A septic system is an onsite, sub-surface, wastewater treatment plant that processes and filters all household wastewater (effluent) produced from toilets, sinks, laundry and showers. Typically, there are three sections; a treatment tank, a distribution system and an absorption area. In general, all wastewater is mixed together as it leaves the home. Sometimes, however, the household wastewater is divided into two types, Blackwater (toilet water) and Graywater (soapy water), and it may discharge into separate disposal systems.
A septic tank is where primary treatment occurs (settlement and separation of sewage). All wastewater leaves the home and enters the septic tank through the inlet baffle. Sewage solids settle to the bottom of the tank and dirty water (effluent) leaves through the outlet baffle and moves out to the distribution box (D-box), when present. The D-box distributes the effluent to all laterals in the absorption field, where it passes through layers of gravel and select fill (sand), to be filtered before draining back down into the groundwater.
Small particulates (resulting from the breakdown of sewage) continually flow out of the tank as part of the septic effluent and can form deposits of sludge in various components. This can lead to blockage and premature failure. Installing an effluent filter in the outlet baffle of the septic tank will keep sewage materials in the tank, extending the life of the system. Filters must be routinely serviced / cleaned to properly protect the liquid disposal components.
Over years of operation, accumulated solids begin taking up too much room in the tank, reducing the volume available for settling. When this happens, solids easily escape the tank and can clog the disposal field and eventually cause a hydraulic back-up into the house or an overflow onto the ground surface. This can all be avoided if regular pump outs (every 1-3 years), effluent filter maintenance and periodic inspections are performed.
It is recommended that you pump out your Septic Tank every 3 years (for a family of 4). If you have a Pump Tank, you may want to consider pumping it out every 6 years. This will keep it clear of sludge, which would hinder the functioning of your pump and clog the absorption area.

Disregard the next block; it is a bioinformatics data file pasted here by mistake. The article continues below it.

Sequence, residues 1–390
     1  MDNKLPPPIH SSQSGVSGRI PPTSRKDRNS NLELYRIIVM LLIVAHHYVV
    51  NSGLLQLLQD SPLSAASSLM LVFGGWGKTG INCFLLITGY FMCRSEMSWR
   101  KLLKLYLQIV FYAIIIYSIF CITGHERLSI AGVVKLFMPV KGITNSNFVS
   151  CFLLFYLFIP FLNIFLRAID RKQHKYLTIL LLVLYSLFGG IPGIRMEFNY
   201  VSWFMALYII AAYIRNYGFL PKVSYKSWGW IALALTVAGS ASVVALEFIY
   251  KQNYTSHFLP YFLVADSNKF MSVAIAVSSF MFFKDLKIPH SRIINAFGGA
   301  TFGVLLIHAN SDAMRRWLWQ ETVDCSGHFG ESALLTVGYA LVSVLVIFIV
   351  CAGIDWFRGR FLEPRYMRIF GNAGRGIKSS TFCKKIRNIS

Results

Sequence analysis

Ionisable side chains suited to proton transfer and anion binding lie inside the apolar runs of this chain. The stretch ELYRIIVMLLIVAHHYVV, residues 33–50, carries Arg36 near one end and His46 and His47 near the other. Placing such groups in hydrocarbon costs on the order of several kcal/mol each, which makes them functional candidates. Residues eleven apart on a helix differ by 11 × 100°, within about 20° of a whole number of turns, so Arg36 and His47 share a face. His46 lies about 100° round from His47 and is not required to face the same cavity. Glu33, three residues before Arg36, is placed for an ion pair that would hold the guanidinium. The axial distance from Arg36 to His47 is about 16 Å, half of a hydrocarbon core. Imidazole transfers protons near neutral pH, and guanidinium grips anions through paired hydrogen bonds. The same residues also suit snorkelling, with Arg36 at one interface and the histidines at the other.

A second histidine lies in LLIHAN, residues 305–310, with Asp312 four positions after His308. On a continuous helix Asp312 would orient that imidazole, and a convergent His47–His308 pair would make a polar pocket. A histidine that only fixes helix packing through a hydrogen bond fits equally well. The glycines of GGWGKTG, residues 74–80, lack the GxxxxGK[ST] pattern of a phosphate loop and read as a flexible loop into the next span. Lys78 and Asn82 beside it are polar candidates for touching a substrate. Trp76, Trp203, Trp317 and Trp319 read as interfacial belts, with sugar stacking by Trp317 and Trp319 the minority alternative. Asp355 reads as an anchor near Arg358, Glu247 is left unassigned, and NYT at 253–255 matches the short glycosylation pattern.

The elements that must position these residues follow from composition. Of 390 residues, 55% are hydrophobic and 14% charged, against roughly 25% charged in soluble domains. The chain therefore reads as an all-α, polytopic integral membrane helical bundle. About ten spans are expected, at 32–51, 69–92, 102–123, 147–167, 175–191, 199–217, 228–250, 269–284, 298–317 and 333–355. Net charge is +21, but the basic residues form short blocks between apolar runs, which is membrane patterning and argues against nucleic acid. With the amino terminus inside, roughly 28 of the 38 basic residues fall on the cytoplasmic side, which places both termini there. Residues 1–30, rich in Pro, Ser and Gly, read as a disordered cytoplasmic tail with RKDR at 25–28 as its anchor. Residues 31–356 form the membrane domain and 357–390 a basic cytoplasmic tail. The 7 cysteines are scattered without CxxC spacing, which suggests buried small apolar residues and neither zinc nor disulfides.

Inspections are critical, if your goal is to extend the life of your septic system. Periodic inspections will provide you with information such as: Is the wastewater from the house running properly into the tank?, Does the tank have too much sludge build-up?, Is too much scum and sludge floating out to the disposal field?, Are the tank’s baffles in good shape?, is the soil under the disposal field still absorbing all the water from the tank?….and the list goes on. These inspections can uncover any problems and steps can be taken to correct them before they get out of hand.
Hiring a professional septic system management company to periodically evaluate individual components and the system’s over-all operation is a wise way to protect your investment (septic system and overall property).
- Inspections are regularly conducted for property transfers and many mortgage companies require a comprehensive septic system evaluation, prior to releasing funds.
- Montgomery Township requires homeowners who have either a new system or who have had repairs or alterations to obtain a license from the township that requires you to pump-out your tank every three (3) years. Ordinance BH:13-5b.
- Most Townships will allow repairs to the septic tank and distribution box, but once any type of malfunction occurs in the disposal field you must replace your entire system and update it to current standards.
- Readington Township requires all septic systems with a pump to be inspected once every three (3) years by a certified inspector.
NO. All new septic tanks are required to have an effluent filter in the outlet baffle, as of April 2, 2012. Homeowners with a new septic system should get onto a maintenance program to clean the filter, monitor the system and periodically pump the septic tank (helping to extend the life of the system).
NO. Your alarm is alerting you to a problem in your Pump Tank and has nothing to do with your septic tank. A Septic System Professional should be called immediately to diagnose and fix the problem and to avoid overflowing of the pump tank or septic effluent backing up into the home.